Sisters and brothers, in the gospels, the kingdom of heaven is likened not to a temporary nest that we leave when we grow up, but to a tiny seed that becomes a great tree, where all can find refuge and rest (cf Mt 13:31-32). As we commemorate the anniversary of the dedication of our church, what must we do to better help one another tend and thrive in this life-giving tree today?

Sunday, February 05, 2023

Of Straying Symbols & Christ Crucified

5th Sunday in Ordinary Time (A)

Readings: Isaiah 58:7-10; Psalm 111(112):4-9; 1 Corinthians 2:1-5; Matthew 5:13-16

Picture: Aziz Acharki on Unsplash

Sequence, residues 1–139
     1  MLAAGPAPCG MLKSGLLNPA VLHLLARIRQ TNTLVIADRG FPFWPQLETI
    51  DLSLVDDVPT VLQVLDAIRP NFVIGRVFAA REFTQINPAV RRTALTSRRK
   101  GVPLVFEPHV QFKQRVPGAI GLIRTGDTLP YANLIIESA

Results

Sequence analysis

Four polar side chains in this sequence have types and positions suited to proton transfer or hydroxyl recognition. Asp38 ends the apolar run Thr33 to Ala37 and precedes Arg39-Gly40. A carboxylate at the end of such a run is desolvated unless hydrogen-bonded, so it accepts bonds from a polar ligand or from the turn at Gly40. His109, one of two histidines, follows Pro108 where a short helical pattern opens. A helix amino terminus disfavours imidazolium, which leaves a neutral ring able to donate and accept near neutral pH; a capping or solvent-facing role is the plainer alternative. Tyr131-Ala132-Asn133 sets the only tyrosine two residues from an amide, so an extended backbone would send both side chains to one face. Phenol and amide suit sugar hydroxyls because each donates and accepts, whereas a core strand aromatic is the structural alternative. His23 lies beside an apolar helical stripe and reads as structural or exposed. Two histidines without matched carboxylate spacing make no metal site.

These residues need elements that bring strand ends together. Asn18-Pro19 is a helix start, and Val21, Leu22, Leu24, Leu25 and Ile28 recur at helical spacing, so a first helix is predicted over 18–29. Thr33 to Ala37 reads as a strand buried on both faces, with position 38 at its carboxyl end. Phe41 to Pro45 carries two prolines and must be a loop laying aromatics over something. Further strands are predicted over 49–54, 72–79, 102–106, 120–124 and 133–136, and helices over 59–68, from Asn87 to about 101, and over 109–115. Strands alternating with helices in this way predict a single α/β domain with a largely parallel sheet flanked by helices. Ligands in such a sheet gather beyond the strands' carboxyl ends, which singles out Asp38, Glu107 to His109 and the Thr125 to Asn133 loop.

My dear friends, what’s the first thing that comes to mind when you hear the word hijack? If you’re like me, perhaps it’s planes or trains. But those are not the only things that can be made to stray far from their intended destination, right? What about signs and symbols? How about the thumbs-up sign, for example, or the heart symbol? Traditional expressions of friendship and affection. Yet, in recent years, haven’t they acquired a new significance? On social media, aren’t they also a unit of measurement? An indication of popularity. Even a reflection of self-worth. And a reason for competition. So that what was once a means of drawing people closer, has somehow also become a subtle way of pulling us apart.